United States District Court, N.D. Texas, Dallas Division
ARTURO CASTRO, and all others similarly situated under 29 U.S.C. § 216(b), Plaintiff,
PRECISION DEMOLITION LLC, et al., Defendants.
MEMORANDUM OPINION AND ORDER
A. FITZWATER UNITED STATES DISTRICT JUDGE.
a jury trial and the entry of judgment in his favor for
unpaid overtime pay and liquidated damages under the Fair
Labor Standards Act of 1938 (“FLSA”), 29 U.S.C.
§ 201 et seq., plaintiff Arturo Castro
(“Castro”) moves for an award of $141, 236.50 in
attorney's fees, $1, 272.30 in nontaxable expenses, and
$10, 568.82 in taxable costs. For the reasons that follow,
the court grants the motion to the extent that it awards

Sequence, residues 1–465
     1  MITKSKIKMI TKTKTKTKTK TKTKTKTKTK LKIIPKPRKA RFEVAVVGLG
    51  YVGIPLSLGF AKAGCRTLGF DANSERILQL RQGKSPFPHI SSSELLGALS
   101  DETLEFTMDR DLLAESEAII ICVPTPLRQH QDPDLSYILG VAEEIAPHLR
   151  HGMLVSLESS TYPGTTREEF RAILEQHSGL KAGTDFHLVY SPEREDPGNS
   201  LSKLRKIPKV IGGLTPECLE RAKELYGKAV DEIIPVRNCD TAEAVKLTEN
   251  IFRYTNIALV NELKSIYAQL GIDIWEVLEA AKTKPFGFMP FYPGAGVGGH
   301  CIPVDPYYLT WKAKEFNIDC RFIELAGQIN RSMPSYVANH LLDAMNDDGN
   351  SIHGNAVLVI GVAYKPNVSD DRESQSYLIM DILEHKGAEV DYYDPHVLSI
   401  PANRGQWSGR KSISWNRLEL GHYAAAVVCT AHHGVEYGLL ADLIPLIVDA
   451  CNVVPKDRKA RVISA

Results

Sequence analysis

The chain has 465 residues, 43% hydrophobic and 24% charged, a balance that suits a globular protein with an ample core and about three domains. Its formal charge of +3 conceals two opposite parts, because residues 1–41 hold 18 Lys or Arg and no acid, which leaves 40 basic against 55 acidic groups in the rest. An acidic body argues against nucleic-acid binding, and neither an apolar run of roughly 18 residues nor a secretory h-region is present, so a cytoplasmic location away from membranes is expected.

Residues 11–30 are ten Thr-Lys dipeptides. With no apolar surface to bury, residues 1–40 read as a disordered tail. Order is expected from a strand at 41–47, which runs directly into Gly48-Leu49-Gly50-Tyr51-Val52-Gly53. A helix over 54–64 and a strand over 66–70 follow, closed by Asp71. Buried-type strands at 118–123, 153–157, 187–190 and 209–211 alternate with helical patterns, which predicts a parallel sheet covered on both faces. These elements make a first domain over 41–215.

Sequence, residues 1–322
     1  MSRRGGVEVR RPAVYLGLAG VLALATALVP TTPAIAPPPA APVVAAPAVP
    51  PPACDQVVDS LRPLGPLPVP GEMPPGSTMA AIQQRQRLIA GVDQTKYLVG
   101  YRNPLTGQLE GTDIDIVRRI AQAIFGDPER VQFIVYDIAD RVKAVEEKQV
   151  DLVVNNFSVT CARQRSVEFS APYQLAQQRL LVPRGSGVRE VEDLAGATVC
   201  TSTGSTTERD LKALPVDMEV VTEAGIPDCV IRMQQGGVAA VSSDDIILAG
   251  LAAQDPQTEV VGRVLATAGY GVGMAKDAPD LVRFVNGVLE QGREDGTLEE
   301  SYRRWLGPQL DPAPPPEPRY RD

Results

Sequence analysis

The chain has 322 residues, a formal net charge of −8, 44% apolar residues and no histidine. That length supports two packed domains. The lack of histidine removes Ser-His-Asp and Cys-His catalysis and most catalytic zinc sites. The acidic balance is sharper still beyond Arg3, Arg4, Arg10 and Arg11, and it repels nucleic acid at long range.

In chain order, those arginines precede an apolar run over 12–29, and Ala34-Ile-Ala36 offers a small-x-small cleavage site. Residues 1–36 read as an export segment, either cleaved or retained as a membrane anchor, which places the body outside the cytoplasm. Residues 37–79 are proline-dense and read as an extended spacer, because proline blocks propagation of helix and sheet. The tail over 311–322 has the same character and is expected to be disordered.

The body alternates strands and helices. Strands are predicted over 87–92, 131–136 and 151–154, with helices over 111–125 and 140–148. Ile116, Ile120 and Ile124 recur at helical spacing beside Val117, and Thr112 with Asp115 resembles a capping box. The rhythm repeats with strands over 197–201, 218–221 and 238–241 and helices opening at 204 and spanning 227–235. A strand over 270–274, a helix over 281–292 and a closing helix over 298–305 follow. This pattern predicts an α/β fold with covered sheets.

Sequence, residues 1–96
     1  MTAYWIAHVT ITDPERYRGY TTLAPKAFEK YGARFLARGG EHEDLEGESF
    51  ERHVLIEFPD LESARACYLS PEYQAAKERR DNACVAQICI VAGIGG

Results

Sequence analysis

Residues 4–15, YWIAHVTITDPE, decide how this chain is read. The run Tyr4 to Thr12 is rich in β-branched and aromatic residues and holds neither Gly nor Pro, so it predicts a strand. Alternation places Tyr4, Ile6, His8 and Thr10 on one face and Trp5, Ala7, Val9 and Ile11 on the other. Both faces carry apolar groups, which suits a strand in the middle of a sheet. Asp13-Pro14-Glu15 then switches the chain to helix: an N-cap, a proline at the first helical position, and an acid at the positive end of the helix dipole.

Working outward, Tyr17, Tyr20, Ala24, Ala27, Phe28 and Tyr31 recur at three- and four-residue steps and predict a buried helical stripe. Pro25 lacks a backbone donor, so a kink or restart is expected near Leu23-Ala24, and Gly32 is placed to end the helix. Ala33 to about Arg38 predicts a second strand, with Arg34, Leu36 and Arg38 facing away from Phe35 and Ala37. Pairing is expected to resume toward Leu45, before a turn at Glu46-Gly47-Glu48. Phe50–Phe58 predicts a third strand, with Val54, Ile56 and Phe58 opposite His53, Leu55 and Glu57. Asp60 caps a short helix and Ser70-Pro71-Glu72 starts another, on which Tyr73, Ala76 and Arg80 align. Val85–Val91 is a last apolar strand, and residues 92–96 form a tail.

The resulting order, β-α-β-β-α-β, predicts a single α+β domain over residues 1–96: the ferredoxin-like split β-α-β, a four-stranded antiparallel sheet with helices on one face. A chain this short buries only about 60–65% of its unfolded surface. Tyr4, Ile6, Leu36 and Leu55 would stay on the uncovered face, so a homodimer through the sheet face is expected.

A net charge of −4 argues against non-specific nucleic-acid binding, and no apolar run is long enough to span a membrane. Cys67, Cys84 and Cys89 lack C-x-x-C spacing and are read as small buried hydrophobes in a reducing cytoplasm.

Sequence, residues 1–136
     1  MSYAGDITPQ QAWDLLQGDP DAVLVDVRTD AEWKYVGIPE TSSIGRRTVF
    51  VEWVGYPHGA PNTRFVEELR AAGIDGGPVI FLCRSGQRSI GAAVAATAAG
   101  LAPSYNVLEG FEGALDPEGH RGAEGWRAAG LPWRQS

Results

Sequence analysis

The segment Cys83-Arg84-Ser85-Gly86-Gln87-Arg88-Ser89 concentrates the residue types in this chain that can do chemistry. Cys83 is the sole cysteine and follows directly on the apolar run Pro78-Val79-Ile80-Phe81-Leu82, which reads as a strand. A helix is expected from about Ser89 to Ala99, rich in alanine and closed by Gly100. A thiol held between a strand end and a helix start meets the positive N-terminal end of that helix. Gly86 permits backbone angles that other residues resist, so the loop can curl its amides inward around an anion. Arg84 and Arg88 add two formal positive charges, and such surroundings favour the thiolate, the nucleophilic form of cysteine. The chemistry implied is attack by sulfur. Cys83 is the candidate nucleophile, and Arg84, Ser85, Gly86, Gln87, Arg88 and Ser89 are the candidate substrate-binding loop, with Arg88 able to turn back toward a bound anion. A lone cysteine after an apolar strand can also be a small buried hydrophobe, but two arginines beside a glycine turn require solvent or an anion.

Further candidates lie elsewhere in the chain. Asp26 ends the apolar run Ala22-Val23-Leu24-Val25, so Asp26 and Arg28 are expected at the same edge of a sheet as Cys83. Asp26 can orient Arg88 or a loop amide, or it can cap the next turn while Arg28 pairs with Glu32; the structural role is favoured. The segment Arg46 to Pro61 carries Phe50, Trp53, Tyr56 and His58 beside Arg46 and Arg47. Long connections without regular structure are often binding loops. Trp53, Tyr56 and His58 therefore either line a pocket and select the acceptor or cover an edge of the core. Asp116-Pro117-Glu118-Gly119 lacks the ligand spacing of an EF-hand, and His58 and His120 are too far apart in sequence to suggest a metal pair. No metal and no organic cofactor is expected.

Castro attorney's fees in the sum of $41, 333.70 and
nontaxable expenses in the sum of $1, 272.30. The court
otherwise denies the motion.
brought this suit under the FLSA against defendants Precision
Demolition LLC and Precision Demolition, LP (collectively,
“Precision Demolition”), Holfords Prairie
Partners, LLC (“Holfords”), Raymond D. Rinker III
(“Rinker”); and Aaron Smith
(“Smith”), for unpaid overtime wages and
retaliation. Following a six-day jury trial, the jury
returned a verdict partly in favor of Castro, and partly in
favor of defendants. Regarding Castro's FLSA overtime
claim, the jury found that Castro had proved the essential
elements of this claim against Precision Demolition, Rinker,
and Smith; that Precision Demolition had willfully violated
the FLSA; and that Precision Demolition owed Castro $608.85
for unpaid overtime for travel time. Regarding Castro's
FLSA retaliation claim, the jury found that Castro had proved
all of the essential elements of this claim as to Precision